It appears XSEED is the American publisher for Suda 51's recently-revealed PS3 and Xbox 360 action title Killer Is Dead. Last week, the niche publisher registered the domain killerisdead-game, as well as presumably marketing-related sites killandlove.com and
The game is yet to be confirmed for release outside of Japan, where it is slated for release in the summer. If one wants a very iffy suggestion for a possible American release timetable, the domains are set to expire in about a year.
Also of note: XSEED seemingly almost dipped its toes into the mobile free-to-play market last year. The company very quietly put up a site, trailer, and Facebook page for a "free to play action RPG for iOS and Android" that was intended for release last summer. The game, which was developed by Japanese mobile studio Blockbuster, seems to have been a fusion of Infinity Blade-esque touch and slash gameplay and a JRPG aesthetic.
Finally, amid THQ's troubles, Alex Peters, who was the studio head at THQ subsidiary Relic Entertainment, states on his CV that he left the Vancouver developer this month to join Activision. Peters was at Relic for two years, and prior to joining the studio, he served as game director on the ill-fated RPG Pirates of the Caribbean: Armada of the Damned and chief operating officer at DICE.
superannuation is a self-described "internet extraordinaire" residing somewhere in the Pacific Time Zone. He tweets, and can be reached at heyheymayday AT gmail DOT com.
Top photo: It's not a screenshot! It's a futuristic-looking dentistry robot. Photographed by David Guttenfelder | AP.
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When it released for PC in February 2012, Alan Wake came with no mod tools. Developer Remedy Entertainment said tools wouldn't be released because of their complexity, and their dependence on third-party tools which would presumably require permissions or licenses.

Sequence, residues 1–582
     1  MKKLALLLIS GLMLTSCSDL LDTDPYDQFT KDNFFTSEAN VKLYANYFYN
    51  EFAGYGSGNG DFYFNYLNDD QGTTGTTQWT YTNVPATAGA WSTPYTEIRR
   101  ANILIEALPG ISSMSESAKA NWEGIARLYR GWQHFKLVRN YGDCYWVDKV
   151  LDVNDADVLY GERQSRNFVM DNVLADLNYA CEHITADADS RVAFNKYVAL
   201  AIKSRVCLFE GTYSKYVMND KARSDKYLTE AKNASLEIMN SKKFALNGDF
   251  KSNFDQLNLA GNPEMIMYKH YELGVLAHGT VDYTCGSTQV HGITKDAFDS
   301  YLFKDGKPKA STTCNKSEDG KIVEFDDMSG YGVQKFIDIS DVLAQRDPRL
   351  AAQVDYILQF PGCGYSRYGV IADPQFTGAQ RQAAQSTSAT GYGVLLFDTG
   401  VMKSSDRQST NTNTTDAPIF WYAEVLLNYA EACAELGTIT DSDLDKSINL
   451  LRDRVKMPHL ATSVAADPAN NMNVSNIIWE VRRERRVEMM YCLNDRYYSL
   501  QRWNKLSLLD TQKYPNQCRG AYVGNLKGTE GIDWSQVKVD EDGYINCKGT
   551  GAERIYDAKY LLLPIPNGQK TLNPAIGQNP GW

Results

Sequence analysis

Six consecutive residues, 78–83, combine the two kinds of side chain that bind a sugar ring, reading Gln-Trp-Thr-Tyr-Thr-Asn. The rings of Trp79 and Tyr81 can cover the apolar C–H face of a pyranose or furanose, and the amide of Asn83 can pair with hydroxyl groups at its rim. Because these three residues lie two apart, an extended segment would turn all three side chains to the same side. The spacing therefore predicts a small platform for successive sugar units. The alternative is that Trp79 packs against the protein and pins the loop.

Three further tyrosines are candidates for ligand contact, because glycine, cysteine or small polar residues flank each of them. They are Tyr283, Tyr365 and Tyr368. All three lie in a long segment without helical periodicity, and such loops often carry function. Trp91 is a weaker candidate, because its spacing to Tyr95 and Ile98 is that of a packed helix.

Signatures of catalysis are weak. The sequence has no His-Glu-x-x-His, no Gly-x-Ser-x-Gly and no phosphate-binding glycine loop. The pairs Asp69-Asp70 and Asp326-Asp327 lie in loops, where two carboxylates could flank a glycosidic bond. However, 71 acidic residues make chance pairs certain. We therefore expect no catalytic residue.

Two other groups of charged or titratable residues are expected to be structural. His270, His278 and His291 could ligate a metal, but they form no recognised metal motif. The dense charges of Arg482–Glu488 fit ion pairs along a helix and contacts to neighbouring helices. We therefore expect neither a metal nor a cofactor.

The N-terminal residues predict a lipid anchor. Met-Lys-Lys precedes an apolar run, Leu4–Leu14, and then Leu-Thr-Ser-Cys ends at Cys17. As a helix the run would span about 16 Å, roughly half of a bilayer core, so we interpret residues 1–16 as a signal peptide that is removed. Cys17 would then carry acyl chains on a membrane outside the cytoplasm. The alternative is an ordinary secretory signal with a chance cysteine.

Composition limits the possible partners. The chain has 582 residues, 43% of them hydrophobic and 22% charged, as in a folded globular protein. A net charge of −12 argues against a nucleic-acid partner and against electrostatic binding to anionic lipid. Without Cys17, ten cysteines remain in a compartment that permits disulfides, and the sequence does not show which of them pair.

That hasn't stopped Alan Wake's community from hurling itself at the task, which, to change textures, requires unpacking and repacking a 2.9 gigabyte file, using a community-released tool. Against these odds, modder Xymbiot3 has defiantly released this, which gives Alan's flashlight... a Hello Kitty pattern. And Alan a Mike Tyson face tattoo. Problem is, because it all has to be repacked into a 3GB file, it's impractical to distribute. But here, at least, you can say that you have seen Alan Wake running around like Ed Helms in The Hangover II.
Alan Wake Flashlight Mod Images [Remedy Games Community, h/t Matt.]
A controller gets put down. A disc gets shelved next to dozens of others just like it. But, sometimes, the game lingers. It creeps into your sleep and live on in the backs of your eyelids, demanding ever more from you.
Here's an example: the one night that the crazy nocturnal zombies from Alan Wake showed up in my head. I was me in my dream, and not the overwrought author that's starred in two games.
I hadn't played an Alan Wake game in more than eight months. But a nightmare I had about a month ago threw me into a world straight out of Remedy's psychological horror thriller. I wasn't wielding a flashlight and automatic weapons like the writer hero of the two games. I was in trouble, prey for powerful enemies without any special video game abilities.
I don't know why some games stick around my subconscious more than others. Long after I've left them behind, they pop up when I least expect. I'm not talking about the warm fuzzies I get when remembering favorites like Phantasy Star on the Sega Master System, Shadow of the Colossus or Gravity Rush. Rather, these are straight-up ambushes from the chemicals in my brain, sneak attacks that I can't predict.